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Joshua Reviews Mohammad Rasoulof’s There Is No Evil [Theatrical Review]

With a name like There Is No Evil, images of Saw-like torture porn or Z-grade slasher cinema instantly pop into mind. Easy to look over when mindlessly scrolling through your local on demand, virtual theater’s cinema listing, director Mohammad Rasoulof instead has crafted not a trash horror picture, but instead one of the year’s most powerful works of socio-political commentary.

In actuality four short films rolled into one 150-minute long feature, There Is No Evil is an anthology work unlike any seen before. More or less Rasoulof’s exploration of the death penalty, each of the vignettes tell the story of men staring death squarely in the face. Forcing each of his leads to either follow orders to kill a fellow man or rebel against this vicious system, Rasoulof paints a profoundly humanist portrait of the corrosive ability of what remains one of man’s most vile judicial beliefs.

Winner of last year’s Golden Bear at the Berlinale, Evil is the sixth feature from beloved Iranian auteur Rasoulof, and yet another one of his films that will not be shown in his native country. Like contemporary Jafar Panahi, Rasoulof has been “banned” by his native government from making films, and this is another one of the numerous masterworks from Iran over the last 10-15 years that have been forced to be smuggled out by various means. And thankfully, despite an oppressive regime wanting nothing more than these voices to be snuffed out, Rasoulof is still churning out devastating, infuriating, engrossing masterpieces like There Is No Evil.

The first episode here tells the story of a father played brilliantly by Ehsan Mirhosseini, who we discover, after joining him for a drive through the city running errands with his wife and daughter, is an executioner. A modest, often quiet segment, this instantly sets the tone and atmosphere that the film will, for much of its runtime, abide by. This is a profoundly experiential film, and while the narratives may not overlap like many anthology films, this mood certainly does. The closest overlap comes in the second and third chapters, which tell the story of two separate soldiers who must commit a murder to earn a three day leave. The soldiers are played by Mohammad Valizadegan and Kaveh Ahangar and both performances are devastating and brilliantly textured. The most emotionally rich chapter comes in last, with Chapter 4’s “Kiss Me,” which tells the story of a young med student who discovers a secret that’s been held from her since her birth, only as her “uncle” Bahram stares his own death squarely in the face. It’s a quiet, subtle chapter that concludes on one of the great modern cinematic narrative twists that feels entirely earned.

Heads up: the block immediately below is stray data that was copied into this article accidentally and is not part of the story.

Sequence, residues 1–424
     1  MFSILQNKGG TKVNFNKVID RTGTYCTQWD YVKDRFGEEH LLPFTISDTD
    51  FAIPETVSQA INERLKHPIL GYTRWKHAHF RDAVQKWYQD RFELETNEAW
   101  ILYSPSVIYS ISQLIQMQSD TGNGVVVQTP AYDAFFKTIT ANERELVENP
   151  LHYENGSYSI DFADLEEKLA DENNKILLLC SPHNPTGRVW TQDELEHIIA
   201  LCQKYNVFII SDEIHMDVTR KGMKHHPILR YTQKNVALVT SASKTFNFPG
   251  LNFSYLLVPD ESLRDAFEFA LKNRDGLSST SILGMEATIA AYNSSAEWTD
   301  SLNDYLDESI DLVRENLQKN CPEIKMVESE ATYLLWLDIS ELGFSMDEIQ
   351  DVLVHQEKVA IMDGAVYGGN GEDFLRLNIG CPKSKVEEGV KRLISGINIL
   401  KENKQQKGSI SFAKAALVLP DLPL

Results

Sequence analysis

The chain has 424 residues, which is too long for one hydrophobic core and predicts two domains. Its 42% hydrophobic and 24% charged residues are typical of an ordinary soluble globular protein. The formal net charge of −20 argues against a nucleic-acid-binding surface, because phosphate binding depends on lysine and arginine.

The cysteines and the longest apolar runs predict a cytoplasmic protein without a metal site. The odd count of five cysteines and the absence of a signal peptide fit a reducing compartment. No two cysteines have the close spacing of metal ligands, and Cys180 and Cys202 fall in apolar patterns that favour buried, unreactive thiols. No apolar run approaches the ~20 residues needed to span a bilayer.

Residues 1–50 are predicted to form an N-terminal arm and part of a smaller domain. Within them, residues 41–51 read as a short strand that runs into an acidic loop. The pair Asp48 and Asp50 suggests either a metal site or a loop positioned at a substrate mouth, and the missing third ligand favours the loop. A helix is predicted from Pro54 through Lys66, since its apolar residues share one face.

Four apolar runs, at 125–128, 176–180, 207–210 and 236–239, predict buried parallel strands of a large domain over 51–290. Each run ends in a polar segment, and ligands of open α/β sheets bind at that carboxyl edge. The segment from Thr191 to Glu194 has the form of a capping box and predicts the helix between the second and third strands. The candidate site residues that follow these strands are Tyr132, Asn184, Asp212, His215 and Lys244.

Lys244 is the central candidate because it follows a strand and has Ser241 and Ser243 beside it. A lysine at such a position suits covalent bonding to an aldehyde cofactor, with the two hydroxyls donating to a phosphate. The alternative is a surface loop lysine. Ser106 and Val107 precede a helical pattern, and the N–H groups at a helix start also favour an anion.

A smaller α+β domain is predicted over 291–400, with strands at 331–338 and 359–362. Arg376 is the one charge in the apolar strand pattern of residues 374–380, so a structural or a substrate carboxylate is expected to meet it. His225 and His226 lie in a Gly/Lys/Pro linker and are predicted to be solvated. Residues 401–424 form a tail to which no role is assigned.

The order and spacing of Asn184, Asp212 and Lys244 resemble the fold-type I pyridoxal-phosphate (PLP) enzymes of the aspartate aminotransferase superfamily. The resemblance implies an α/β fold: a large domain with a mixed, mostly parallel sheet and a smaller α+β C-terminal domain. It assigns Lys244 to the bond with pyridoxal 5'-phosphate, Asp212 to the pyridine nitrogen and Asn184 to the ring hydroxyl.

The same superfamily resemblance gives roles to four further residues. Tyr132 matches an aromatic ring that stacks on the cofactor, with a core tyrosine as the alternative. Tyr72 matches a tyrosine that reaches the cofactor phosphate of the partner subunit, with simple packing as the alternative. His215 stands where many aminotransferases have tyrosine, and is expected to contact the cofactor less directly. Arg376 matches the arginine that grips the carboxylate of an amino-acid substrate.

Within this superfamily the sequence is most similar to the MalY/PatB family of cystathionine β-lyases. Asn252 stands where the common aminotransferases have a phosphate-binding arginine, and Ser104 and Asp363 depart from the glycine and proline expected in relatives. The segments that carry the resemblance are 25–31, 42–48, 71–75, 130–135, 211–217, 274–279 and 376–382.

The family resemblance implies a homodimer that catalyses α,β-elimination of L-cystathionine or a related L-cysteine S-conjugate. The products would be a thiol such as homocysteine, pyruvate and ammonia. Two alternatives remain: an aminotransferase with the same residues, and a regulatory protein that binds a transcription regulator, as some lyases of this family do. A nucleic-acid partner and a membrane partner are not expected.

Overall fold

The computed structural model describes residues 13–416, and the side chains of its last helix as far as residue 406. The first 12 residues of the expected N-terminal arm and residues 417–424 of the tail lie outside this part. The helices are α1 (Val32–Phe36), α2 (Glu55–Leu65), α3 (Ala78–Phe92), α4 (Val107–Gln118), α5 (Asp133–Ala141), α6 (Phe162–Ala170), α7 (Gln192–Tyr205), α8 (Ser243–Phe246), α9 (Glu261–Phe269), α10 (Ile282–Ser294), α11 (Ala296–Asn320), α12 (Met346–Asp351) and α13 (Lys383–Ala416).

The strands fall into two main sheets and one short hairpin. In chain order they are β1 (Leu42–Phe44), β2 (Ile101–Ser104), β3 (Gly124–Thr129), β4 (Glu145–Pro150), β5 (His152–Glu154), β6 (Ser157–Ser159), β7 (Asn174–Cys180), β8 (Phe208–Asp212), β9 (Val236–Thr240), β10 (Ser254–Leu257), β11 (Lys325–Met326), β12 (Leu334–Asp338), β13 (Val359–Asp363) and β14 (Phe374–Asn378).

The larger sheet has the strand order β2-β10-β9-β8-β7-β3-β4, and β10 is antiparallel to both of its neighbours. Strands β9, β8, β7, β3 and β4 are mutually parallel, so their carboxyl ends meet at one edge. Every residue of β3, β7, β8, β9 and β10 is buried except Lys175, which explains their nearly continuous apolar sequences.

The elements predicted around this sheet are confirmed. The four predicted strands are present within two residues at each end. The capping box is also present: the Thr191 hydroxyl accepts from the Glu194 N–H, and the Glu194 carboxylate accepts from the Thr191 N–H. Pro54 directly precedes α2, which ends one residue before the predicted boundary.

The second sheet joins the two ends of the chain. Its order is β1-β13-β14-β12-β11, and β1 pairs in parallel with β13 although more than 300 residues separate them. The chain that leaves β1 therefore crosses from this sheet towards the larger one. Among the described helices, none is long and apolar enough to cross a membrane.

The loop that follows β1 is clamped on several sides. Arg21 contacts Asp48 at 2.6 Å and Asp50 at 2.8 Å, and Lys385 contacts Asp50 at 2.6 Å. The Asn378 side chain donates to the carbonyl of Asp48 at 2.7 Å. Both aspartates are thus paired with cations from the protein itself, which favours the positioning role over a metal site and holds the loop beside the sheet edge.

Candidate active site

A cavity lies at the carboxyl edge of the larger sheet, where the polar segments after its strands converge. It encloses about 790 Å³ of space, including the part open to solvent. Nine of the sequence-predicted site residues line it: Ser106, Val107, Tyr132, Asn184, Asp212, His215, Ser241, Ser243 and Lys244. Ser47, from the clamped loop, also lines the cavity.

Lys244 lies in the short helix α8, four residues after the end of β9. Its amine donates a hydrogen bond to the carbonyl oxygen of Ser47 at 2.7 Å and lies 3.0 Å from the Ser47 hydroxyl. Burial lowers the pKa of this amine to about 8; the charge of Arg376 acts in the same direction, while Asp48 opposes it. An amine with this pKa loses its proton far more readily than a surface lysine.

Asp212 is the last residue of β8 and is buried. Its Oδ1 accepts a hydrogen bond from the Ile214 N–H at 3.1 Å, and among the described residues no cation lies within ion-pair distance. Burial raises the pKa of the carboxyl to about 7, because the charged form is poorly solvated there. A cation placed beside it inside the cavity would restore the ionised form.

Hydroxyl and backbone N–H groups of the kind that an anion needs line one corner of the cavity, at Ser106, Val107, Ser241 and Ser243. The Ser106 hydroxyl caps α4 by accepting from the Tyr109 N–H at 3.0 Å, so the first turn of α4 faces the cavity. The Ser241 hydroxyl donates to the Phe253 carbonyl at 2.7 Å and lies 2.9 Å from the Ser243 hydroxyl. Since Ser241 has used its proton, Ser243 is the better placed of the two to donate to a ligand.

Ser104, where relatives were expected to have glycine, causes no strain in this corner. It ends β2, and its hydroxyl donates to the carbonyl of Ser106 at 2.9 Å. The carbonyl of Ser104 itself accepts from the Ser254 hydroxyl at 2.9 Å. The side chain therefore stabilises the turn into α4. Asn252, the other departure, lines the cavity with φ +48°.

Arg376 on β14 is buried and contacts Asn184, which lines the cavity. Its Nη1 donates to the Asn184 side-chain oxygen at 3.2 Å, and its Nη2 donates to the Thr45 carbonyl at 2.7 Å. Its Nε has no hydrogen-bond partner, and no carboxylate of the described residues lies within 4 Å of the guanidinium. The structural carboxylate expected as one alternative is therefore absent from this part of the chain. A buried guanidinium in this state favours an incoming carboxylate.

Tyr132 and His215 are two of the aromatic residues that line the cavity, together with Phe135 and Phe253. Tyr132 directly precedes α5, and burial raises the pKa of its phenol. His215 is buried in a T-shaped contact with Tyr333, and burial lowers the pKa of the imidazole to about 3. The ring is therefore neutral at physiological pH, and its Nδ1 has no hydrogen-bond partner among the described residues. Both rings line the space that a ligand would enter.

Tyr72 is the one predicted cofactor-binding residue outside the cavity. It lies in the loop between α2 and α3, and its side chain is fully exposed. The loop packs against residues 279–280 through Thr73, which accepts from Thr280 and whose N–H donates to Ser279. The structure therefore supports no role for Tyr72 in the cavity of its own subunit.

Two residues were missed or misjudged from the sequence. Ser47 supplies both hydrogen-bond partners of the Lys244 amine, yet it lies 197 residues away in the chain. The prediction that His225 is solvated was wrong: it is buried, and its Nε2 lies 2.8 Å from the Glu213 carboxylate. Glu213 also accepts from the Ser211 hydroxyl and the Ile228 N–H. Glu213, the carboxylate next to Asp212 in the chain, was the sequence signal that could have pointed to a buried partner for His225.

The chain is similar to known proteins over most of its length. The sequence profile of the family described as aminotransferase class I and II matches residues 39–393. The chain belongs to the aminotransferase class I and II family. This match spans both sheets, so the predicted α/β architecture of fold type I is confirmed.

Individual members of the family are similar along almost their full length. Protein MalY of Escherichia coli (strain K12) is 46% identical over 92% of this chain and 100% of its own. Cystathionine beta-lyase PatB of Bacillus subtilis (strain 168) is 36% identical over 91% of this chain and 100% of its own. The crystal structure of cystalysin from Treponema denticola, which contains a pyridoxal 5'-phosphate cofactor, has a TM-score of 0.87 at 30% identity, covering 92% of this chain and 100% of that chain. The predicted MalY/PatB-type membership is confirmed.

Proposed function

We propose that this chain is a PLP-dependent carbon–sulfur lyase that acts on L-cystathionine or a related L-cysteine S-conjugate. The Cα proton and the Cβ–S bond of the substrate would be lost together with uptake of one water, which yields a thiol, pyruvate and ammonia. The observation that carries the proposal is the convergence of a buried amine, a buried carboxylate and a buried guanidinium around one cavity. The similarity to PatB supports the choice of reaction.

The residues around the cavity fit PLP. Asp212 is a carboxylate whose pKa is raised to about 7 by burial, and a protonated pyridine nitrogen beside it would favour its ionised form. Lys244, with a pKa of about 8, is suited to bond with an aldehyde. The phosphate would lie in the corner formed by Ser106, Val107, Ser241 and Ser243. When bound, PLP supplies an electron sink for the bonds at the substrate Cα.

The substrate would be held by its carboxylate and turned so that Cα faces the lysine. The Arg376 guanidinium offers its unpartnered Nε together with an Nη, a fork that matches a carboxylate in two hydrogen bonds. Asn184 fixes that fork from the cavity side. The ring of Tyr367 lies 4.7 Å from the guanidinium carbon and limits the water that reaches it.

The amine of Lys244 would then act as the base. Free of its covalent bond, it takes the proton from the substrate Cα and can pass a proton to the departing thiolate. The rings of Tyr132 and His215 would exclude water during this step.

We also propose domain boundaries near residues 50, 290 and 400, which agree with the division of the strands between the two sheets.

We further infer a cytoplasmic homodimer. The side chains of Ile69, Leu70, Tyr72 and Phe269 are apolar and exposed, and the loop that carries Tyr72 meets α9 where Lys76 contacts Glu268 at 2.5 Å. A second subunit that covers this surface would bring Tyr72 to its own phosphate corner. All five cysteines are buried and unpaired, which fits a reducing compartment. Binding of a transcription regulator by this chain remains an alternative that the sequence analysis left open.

A film of remarkable emotional potency, it’s not entirely an observational work. No, instead the brilliance of Rasoulof’s latest is its uncanny ability to throw the viewer squarely into the center of the moral quandary that each of its leads face. What would you do when faced not just with a literal question of life or death but a government that requires you to make a specific choice? How is one’s own humanity eroded when forced to make a genuinely inhuman decision? These are the core questions at the heart of the film and with profound intimacy Rasoulof is able to navigate the different responses each of these characters have. It’s an incredibly challenging film, a film about the ability of the government to strip man of its humanity, and through these intimate portraits of life caught in the machine director Rasoulof is able to make this not just a ponderous work of political rebellion but one with a deep well of emotion and humanity.

At 150 minutes in length, the film is an epic one at least in length, but again there’s nothing narratively epic about this at all. Instead Rasoulof’s latest is a startlingly intimate film, driven by textured and lived in performances and captivating direction. Largely told in medium shots, Evil finds Rasoulof brilliantly blending thematic elements within his directorial choices, be it the sinister, brooding darkness found within Chapter 2 or the barren landscapes that conclude the picture. The direction here is subtle and nuanced, never losing sight of its own political outlook. It’s simply one of the year’s most devastating artistic achievements.

Joshua Brunsting

Josh is a critic, a member of the Online Film Critics Society, a wrestling nerd, a hip-hop head, a father, a cinephile and a man looking to make his stamp on the world, one word at a time.

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